And yes, the pads are detachable though be warned they are $120 a pop if you want to buy replacements. My original Susvara pads lasted me for around 4 years before I needed to replace them so unless you use and abuse these pads they should last a long time.
The pressure distribution on the Shangri-La Jr headband and pads is excellent. It does not need to be too tight as this is an open back headphone so isolation is not a requirement. That leather pressure strap does an excellent job of dissipating any pressure hot spots combined with a light but secure sideward clamping pressure to keep them from moving during use.
Finally, the Shangri-La Jr articulating pivot block and gimbal system also offer a lot of flexibility for most types of head shapes so it will have plenty of granular adjustment capability. Though my perfect fit was right at the base of the pivot block there are plenty of notches on that headband system for larger heads.
The one weak link in an otherwise impeccable visual presentation and that’s the Shangri-La Jr cable. This is the exact same cable as was used on the $900 Jade II system headphones and I was not fussed on it either. How much more for a $4k flagship version?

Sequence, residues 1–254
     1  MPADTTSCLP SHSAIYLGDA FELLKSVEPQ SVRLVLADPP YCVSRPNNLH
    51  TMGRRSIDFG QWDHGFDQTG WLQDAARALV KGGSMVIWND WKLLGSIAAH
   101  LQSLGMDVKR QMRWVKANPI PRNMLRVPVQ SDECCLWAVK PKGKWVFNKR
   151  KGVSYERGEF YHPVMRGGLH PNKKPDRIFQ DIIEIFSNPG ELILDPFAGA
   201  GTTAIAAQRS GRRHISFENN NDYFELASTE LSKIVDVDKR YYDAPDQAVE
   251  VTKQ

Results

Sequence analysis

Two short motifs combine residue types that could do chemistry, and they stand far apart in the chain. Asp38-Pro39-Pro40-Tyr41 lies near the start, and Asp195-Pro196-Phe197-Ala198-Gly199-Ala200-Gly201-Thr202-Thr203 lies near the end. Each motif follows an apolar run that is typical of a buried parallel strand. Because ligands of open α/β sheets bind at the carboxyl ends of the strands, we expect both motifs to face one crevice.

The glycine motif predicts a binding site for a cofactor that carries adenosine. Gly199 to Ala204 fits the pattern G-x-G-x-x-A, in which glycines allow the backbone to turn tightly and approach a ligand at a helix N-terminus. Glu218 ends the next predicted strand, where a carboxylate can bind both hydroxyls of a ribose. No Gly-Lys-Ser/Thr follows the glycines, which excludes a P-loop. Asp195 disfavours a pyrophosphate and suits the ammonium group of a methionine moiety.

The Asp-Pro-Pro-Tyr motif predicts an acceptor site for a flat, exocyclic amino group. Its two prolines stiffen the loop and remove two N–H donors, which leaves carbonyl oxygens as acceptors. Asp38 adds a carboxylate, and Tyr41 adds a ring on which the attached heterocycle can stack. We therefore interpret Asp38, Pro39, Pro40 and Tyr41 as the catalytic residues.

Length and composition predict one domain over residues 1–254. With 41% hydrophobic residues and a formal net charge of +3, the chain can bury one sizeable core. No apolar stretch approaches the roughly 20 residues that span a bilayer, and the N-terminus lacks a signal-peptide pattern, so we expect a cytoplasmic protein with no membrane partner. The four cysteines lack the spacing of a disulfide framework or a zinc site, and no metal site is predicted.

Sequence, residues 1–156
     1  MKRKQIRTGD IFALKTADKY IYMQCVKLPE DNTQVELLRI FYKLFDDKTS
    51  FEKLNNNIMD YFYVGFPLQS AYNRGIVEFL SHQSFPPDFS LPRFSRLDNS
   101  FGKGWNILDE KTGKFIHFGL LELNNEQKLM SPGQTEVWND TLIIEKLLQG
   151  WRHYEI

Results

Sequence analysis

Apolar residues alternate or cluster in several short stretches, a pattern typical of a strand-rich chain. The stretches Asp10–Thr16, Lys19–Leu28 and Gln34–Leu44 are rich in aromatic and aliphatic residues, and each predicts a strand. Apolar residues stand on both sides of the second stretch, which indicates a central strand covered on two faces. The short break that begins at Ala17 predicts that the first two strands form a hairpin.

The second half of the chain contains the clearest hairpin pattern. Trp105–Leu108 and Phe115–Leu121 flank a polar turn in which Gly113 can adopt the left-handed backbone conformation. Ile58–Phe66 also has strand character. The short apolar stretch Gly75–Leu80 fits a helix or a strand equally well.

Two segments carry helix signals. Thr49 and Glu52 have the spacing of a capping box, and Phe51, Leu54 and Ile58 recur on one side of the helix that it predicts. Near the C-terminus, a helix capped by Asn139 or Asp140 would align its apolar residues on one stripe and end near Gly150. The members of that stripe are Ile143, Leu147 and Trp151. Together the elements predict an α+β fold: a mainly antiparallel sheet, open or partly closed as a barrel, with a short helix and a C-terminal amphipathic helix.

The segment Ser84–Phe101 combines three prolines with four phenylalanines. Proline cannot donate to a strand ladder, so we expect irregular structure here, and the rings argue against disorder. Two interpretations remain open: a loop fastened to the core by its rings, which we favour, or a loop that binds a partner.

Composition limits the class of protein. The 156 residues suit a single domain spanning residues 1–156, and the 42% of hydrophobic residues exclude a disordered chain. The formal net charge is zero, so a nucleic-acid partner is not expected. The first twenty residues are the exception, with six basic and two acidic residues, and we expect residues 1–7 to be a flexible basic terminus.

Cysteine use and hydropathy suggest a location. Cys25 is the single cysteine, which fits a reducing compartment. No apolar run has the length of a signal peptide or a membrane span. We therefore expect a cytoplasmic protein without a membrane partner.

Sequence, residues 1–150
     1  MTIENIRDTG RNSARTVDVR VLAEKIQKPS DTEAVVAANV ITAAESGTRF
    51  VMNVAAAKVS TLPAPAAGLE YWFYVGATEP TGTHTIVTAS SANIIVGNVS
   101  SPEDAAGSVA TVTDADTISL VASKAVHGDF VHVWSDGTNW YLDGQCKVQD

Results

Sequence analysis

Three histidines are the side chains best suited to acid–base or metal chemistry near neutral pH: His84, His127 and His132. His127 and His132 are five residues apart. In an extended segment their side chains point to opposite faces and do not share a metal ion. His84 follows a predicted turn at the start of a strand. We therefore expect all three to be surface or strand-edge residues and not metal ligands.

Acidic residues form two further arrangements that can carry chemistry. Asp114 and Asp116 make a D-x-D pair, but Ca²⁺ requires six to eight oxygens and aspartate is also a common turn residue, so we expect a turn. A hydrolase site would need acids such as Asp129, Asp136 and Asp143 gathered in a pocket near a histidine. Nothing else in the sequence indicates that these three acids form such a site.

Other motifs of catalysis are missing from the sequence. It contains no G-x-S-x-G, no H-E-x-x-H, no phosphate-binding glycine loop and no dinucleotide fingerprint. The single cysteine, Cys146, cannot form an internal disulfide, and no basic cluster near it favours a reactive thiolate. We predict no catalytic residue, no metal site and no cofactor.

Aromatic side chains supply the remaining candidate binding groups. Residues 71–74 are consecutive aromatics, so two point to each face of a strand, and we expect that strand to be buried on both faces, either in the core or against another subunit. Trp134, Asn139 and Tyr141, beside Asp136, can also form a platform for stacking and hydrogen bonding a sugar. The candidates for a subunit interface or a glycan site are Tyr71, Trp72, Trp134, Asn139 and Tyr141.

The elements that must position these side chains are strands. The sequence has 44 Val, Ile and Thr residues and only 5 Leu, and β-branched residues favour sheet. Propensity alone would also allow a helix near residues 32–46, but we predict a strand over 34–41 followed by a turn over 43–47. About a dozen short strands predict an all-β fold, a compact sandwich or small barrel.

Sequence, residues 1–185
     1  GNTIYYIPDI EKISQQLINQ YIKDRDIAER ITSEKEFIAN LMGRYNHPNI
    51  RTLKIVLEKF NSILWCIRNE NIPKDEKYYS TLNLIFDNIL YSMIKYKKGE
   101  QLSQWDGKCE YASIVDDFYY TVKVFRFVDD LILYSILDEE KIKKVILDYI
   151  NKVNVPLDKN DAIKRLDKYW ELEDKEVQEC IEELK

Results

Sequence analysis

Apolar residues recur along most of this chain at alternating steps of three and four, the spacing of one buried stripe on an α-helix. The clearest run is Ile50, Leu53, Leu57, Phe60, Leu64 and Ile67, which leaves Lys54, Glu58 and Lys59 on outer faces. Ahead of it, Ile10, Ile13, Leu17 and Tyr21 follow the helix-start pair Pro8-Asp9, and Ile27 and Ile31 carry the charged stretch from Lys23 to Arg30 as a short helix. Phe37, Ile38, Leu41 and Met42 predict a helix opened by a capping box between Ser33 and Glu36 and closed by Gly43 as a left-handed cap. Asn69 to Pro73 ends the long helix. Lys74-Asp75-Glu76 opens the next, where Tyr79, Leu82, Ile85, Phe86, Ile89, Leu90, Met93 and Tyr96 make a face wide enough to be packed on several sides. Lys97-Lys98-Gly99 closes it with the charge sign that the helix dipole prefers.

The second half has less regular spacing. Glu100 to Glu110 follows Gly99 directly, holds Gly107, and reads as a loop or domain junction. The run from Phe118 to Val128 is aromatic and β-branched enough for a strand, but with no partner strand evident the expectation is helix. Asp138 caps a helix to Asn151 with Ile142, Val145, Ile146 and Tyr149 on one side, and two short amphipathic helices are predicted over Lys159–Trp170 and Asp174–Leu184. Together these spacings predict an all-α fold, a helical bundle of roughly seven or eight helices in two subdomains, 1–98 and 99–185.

In its favor, the build is a little lighter and thinner than Stax and VOCE variants so the handling is much easier than some of that deadweight the Stax cables possess.
The cable is also terminated with a widely used pro-bias 5-pin and there are no issues with the durability of the plug. To be fair, the cable has some excellent strain relief at all connection points.
However, it is a bit cheaper looking than Stax insulations and not as well built as MrSpeakers’ VOCE round cable. The Shangri-La Jr cable jacket is simply too thin and loose for my liking. So far it has remained intact, as also the Jade II version, but I do baby this cable a lot for fear of damaging it.